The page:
But after some borrowers struggled to repay their loans, Beijing became more cautious. Officials said they will study the project and financing more carefully.
The China Development Bank and the Ministry of Foreign Affairs did not answer questions about the reasons for the decline in China’s loans to Latin America.
Even as loans dries up, China’s purchases of Latin American soybeans, iron ore and other commodities remain strong, estimated at $136 billion. Although China’s purchases of American agricultural products have risen sharply, the Trump administration has reached a pledge to end the declining trade war.
Chinese state-owned energy companies have also actively purchased energy assets that have withdrawn from Western investors at selling prices. This study shows that overall, China’s M&A transactions surged to US$7 billion in 2020, almost twice the value of transactions in 2019.
The transaction includes the sale of Peru’s largest power company to China Three Gorges Corporation by Sempra Energy of San Diego, California. Another $5 billion deal was announced last year, granting State Grid Corporation of China control of a major Chilean utility company, but no agreement was reached. Included in the data because it has not yet been completed.
For leaders in the region, China’s loans for large-scale air ticket infrastructure projects are hard to resist. Interest rates are low, unlike loans provided by the World Bank and the International Monetary Fund, with fewer additional conditions and faster approvals, allowing leaders to promote their achievements in time before the next election.
Even Columbia-Washington’s most determined regional ally, is a country with a cool attitude towards China-and has recently joined the trend. Last year, a consortium including China Port Engineering Corporation started construction on the first subway project in the capital Bogotá, which cost US$3.9 billion. No US company bid for the project, and the project did not directly benefit from any loans from China.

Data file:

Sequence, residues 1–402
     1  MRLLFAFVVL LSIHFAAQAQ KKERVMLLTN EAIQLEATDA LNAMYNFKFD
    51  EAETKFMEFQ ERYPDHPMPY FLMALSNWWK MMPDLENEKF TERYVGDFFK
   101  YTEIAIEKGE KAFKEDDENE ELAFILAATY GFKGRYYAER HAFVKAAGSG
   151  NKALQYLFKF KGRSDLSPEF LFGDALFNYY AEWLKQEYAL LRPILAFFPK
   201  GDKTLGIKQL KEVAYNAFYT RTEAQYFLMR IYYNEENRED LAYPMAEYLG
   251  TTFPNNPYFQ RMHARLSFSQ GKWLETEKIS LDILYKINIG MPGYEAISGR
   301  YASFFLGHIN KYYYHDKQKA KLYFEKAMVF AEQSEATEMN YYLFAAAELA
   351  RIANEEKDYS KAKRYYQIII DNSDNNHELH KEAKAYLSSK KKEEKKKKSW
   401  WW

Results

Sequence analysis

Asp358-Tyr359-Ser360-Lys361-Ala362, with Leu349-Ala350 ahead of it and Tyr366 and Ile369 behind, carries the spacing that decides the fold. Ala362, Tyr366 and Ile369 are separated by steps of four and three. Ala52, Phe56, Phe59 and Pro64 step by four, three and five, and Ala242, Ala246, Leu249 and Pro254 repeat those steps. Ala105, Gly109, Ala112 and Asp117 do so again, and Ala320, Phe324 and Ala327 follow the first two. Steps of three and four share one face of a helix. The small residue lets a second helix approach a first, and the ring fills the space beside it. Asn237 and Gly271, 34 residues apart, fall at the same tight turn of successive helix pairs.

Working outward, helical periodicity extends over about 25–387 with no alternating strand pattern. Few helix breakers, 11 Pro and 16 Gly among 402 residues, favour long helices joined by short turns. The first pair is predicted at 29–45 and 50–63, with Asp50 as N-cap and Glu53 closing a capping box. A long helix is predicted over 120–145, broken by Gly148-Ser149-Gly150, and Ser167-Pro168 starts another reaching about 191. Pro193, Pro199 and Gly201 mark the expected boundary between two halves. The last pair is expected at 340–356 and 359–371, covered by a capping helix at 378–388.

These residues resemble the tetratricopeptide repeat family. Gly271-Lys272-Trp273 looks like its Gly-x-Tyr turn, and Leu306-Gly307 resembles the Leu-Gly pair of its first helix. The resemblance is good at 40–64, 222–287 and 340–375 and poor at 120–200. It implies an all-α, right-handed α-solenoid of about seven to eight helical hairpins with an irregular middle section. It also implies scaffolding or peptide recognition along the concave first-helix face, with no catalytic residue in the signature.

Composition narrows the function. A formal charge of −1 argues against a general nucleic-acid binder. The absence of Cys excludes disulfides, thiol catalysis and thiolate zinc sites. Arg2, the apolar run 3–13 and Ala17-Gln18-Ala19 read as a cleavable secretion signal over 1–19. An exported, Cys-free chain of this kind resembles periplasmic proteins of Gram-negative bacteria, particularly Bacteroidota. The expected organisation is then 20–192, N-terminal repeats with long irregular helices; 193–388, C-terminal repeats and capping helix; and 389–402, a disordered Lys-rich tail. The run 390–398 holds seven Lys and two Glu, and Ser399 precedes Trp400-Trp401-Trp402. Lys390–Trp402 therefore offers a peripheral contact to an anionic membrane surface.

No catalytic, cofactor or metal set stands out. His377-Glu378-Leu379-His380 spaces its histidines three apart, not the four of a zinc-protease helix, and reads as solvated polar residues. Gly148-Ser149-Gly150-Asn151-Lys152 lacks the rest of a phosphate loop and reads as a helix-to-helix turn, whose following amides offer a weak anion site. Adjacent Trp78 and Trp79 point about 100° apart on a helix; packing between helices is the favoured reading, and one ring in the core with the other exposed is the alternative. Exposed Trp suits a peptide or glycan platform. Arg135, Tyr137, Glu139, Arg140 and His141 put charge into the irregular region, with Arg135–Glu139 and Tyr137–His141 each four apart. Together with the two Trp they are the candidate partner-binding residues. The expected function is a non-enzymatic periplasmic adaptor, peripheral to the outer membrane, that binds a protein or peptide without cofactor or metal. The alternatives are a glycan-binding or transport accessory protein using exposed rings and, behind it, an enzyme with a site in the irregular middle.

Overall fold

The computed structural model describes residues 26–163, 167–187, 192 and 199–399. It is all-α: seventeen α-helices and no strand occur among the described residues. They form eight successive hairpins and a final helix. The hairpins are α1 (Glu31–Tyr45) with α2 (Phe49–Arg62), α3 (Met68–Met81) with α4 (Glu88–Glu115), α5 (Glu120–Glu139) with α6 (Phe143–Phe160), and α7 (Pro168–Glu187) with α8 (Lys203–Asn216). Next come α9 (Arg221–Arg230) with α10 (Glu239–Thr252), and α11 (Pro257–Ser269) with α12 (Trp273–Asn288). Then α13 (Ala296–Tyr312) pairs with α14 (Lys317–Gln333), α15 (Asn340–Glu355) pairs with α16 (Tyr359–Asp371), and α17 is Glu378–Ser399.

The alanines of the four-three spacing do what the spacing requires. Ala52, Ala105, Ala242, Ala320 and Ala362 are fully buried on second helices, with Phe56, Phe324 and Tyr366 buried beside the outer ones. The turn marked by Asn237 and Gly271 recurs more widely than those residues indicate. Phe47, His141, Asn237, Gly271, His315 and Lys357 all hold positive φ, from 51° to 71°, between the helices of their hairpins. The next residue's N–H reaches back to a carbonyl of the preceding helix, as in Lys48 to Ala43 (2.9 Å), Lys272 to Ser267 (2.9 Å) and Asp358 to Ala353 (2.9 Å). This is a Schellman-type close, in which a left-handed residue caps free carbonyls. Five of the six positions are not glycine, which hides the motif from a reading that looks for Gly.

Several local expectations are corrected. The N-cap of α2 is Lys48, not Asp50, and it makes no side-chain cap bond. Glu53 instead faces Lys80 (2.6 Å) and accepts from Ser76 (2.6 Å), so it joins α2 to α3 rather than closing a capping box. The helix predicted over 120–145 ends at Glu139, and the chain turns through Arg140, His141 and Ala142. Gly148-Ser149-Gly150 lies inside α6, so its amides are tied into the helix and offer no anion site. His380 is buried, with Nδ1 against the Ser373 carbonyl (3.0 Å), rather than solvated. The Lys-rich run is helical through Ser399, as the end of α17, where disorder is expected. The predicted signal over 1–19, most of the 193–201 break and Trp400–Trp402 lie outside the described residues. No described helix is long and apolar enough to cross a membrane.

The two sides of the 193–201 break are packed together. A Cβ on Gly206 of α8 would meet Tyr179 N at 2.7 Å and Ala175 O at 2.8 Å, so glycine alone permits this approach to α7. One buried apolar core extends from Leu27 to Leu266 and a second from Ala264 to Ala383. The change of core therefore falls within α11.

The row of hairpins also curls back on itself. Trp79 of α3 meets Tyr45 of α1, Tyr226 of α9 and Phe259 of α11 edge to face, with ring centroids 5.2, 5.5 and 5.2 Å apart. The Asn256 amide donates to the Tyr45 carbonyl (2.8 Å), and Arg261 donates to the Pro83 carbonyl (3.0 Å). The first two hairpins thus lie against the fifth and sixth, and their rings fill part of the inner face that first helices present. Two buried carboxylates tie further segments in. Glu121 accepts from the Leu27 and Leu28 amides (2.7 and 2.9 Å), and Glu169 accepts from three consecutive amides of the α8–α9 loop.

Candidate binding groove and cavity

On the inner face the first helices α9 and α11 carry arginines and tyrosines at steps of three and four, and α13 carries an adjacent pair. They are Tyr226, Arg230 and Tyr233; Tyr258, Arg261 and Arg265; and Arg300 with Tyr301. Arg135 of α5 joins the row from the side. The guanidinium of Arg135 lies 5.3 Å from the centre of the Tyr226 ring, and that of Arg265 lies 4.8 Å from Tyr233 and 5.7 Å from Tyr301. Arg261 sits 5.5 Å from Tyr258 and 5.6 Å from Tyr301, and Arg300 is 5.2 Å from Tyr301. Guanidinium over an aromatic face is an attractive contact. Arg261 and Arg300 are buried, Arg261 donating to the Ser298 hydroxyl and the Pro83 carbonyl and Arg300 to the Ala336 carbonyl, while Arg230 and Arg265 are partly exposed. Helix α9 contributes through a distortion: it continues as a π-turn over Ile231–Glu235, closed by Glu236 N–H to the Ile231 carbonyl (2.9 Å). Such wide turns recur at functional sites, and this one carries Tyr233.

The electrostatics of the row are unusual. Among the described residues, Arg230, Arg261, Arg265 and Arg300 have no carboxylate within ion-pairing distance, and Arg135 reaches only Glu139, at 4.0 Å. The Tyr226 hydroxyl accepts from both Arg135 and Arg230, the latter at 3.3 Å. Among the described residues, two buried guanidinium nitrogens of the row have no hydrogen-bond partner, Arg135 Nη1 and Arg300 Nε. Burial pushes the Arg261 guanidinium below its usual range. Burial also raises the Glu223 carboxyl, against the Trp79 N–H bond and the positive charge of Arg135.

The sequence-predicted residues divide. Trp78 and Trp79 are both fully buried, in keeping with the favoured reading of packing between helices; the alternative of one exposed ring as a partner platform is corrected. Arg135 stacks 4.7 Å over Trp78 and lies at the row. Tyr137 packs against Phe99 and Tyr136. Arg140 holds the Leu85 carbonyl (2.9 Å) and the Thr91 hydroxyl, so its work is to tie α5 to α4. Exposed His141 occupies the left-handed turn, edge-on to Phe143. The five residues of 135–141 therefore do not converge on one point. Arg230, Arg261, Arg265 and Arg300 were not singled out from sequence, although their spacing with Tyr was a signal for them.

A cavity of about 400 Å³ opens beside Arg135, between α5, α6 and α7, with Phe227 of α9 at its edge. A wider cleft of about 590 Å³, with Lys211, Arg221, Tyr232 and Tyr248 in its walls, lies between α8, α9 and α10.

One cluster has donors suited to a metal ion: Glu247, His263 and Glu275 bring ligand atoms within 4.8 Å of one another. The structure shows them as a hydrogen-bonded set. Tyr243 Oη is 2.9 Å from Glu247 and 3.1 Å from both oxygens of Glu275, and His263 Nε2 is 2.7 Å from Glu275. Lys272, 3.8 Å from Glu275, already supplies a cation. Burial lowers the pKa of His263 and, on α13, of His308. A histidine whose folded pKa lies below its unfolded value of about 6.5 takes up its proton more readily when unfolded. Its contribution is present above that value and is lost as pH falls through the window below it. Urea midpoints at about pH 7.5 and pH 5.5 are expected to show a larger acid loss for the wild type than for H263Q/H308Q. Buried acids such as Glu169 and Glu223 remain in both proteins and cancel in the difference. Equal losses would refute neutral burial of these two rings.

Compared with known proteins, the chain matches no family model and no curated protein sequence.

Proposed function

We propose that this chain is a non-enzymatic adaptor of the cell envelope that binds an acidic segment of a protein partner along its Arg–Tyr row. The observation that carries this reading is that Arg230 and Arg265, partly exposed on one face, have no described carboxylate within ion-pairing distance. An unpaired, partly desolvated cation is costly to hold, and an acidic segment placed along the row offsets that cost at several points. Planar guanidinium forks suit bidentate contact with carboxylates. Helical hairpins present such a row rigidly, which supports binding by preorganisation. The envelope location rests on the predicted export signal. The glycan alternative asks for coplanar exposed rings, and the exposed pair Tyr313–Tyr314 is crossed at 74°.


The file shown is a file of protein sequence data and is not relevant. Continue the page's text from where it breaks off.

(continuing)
US officials tried to fight back, pointing out that US overseas aid is long-term and more transparent.
The Western Hemisphere Affairs Bureau of the State Council said in a statement: “Beijing’s assistance in the region is generally to promote the commercial or political interests of the People’s Republic of China.”
In January of this year, at the end of the Trump administration, the U.S. International Development Finance Corporation and Ecuador signed an unprecedented agreement to fund infrastructure projects of up to 2.8 billion U.S. dollars. These funds are said to be used “to reinforce the predatory Chinese debt.” Financing”.
However, DFC’s total funding (US$60 billion) is insignificant compared to the US$1 trillion allocated by China for the “Belt and Road” initiative to expand its global influence.
The US loan package to Ecuador is significant because it also requires the government to privatize oil and infrastructure assets and ban Chinese technology.
Myers said: “This will definitely limit China’s influence.” “But by adding more debt burdens to future generations and encouraging the use of fossil fuels, does this really help Ecuador in the long run? If you don’t do this, then it might backfire.”
Associated Press writer Joe McDonald contributed to this report in Beijing.
Joshua Goodman on Twitter: @APJoshGoodman